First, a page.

Azaranica is a non-biased news aggregator on Hazaras. The main aim is to promote understanding and respect for cultural identities by highlighting the realities they face on daily basis...Hazaras have been the victim of active persecution and discrimination and one of the reasons among many has been the lack of information, awareness, and disinformation.

Thursday, December 9, 2010

Kiwi effort makes difference in Bamiyan

When Inspector Ged Byers joined the police in 1978, he never thought the job would take him to Afghanistan.
The long-serving police officer has just returned from a six-month stint working to streamline the judicial and prosecution system, combat corruption and train police in how to work with the community.
Acting as superintendent to two other police officers from Auckland and Christchurch, Mr Byers was based at the New Zealand Defence Force headquarters in Bamiyan province.
Working under the United Nations Police Mission banner, Mr Byers said one of the toughest things was trying to restructure the police force from a military role to public service.
"The issue is these people have been fighting for 40 years or so and their police have been in a military-type role where very much it is `might is right' ... and my take on things is that they've struggled with the sort of relationship they have with the public."
Working to establish a judicial system had been rewarding, leading to the first public trial in Bamiyan history.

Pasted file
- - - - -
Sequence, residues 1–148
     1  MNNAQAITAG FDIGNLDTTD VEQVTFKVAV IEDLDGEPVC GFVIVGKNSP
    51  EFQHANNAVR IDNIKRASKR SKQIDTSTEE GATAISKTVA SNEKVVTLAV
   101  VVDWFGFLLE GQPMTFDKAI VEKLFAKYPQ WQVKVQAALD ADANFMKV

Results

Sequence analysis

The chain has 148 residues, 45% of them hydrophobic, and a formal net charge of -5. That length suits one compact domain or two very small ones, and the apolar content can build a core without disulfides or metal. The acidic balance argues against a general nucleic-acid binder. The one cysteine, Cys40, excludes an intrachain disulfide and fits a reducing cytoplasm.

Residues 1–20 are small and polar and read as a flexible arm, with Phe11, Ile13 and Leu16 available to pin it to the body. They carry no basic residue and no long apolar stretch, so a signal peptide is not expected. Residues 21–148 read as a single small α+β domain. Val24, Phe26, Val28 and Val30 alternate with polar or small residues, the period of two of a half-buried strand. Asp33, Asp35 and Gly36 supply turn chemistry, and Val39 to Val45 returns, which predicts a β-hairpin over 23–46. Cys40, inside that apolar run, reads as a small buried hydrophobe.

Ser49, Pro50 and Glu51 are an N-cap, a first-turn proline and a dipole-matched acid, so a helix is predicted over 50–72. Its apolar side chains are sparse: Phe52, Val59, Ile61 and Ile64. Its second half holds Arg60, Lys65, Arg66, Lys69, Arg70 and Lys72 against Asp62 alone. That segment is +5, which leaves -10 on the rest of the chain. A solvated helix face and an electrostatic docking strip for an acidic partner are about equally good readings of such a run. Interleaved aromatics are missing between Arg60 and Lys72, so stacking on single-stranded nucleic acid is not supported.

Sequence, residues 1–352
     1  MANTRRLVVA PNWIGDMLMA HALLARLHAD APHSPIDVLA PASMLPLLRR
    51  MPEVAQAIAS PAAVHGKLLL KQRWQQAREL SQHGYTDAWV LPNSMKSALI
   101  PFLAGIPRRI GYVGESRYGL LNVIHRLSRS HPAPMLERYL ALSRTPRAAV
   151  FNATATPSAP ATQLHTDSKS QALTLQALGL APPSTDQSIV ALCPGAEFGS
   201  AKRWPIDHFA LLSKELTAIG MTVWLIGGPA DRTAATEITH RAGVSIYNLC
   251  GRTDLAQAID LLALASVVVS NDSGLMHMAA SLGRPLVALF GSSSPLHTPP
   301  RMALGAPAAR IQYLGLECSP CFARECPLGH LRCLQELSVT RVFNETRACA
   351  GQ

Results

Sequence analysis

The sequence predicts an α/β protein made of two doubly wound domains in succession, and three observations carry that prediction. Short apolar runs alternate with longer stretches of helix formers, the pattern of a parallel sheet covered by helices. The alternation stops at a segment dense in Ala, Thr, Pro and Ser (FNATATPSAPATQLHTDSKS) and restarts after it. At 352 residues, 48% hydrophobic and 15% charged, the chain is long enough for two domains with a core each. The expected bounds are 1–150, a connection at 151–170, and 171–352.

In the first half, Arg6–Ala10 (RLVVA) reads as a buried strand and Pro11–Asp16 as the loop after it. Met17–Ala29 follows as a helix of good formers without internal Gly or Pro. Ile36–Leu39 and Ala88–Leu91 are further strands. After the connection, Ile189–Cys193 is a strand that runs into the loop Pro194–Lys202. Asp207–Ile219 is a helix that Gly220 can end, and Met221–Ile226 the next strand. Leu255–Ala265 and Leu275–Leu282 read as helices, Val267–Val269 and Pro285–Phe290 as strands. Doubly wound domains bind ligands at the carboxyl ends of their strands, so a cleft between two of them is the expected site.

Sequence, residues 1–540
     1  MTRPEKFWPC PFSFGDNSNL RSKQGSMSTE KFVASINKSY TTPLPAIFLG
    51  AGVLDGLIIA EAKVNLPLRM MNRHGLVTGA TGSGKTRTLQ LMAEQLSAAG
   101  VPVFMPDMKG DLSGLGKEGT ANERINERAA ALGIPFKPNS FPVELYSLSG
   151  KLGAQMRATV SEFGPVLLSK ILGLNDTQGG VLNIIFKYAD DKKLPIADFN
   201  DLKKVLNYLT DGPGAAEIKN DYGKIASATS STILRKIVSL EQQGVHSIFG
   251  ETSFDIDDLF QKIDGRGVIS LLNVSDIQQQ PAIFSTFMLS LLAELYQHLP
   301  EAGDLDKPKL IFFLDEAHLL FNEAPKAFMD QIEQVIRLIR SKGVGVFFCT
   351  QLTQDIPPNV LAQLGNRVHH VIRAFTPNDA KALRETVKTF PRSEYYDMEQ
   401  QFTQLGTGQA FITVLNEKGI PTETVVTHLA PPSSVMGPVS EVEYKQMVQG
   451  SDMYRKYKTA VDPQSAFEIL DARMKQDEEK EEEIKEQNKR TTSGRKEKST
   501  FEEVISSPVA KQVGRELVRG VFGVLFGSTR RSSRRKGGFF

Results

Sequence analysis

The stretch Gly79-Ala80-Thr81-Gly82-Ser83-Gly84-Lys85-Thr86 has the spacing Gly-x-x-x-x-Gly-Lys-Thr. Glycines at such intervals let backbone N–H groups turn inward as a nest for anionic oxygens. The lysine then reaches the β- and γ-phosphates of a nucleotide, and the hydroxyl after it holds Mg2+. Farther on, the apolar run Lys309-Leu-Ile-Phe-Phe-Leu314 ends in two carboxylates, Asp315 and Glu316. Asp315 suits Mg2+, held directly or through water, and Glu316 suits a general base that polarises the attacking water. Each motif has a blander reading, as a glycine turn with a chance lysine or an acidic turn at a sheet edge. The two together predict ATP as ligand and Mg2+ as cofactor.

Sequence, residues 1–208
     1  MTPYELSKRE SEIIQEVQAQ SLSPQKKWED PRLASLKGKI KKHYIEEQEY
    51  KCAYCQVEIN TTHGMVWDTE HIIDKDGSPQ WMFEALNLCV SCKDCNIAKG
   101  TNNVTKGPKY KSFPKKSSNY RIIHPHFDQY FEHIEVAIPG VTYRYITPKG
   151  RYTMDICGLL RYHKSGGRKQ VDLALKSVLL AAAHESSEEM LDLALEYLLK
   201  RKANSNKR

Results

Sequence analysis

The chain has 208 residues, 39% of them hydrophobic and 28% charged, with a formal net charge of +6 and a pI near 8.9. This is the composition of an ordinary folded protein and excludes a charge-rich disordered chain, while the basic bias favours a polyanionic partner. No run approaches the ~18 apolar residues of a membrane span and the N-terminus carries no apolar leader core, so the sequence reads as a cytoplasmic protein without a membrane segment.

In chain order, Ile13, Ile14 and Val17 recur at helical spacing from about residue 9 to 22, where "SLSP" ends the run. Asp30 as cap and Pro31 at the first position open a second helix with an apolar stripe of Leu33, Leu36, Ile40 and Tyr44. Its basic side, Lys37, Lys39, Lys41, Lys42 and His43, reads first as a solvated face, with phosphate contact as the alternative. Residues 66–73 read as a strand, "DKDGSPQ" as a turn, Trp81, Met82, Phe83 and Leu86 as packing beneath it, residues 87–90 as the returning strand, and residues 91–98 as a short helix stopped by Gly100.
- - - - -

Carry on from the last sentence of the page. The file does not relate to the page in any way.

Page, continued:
Admitting to a few nerves when he first arrived, Mr Byers said he soon realised the province was relatively safe as long as protocol was followed. There was always a chance an insurgent could attack but the New Zealand forces were well-prepared and professional.
"I think naturally you're a wee bit concerned because while you've had pre-deployment training you're still influenced by what you hear in the media ... but the reality is it's very different in Bamiyan. Having said that, if you went to Kabul or one of the other bases you visited the situation is different, very different."
When the New Zealand forces suffered their first casualty, Lieutenant Tim O'Donnell, this year, it was a tough time in the camp. Mr Byers had worked with Mr O'Donnell's father so knew the family. He was confident the knowledge that familiar people were working hard to bring their son home had helped the family.
Asked if a New Zealand police presence in Afghanistan was necessary, Mr Byers said: "I think so. If we don't do this work then you're not going to have civilian policing. If you want development in that country, if you want to do away with the corruption you want people to have confidence in the law – and the lack of confidence in the law was one of the breeding factors for the Taleban."
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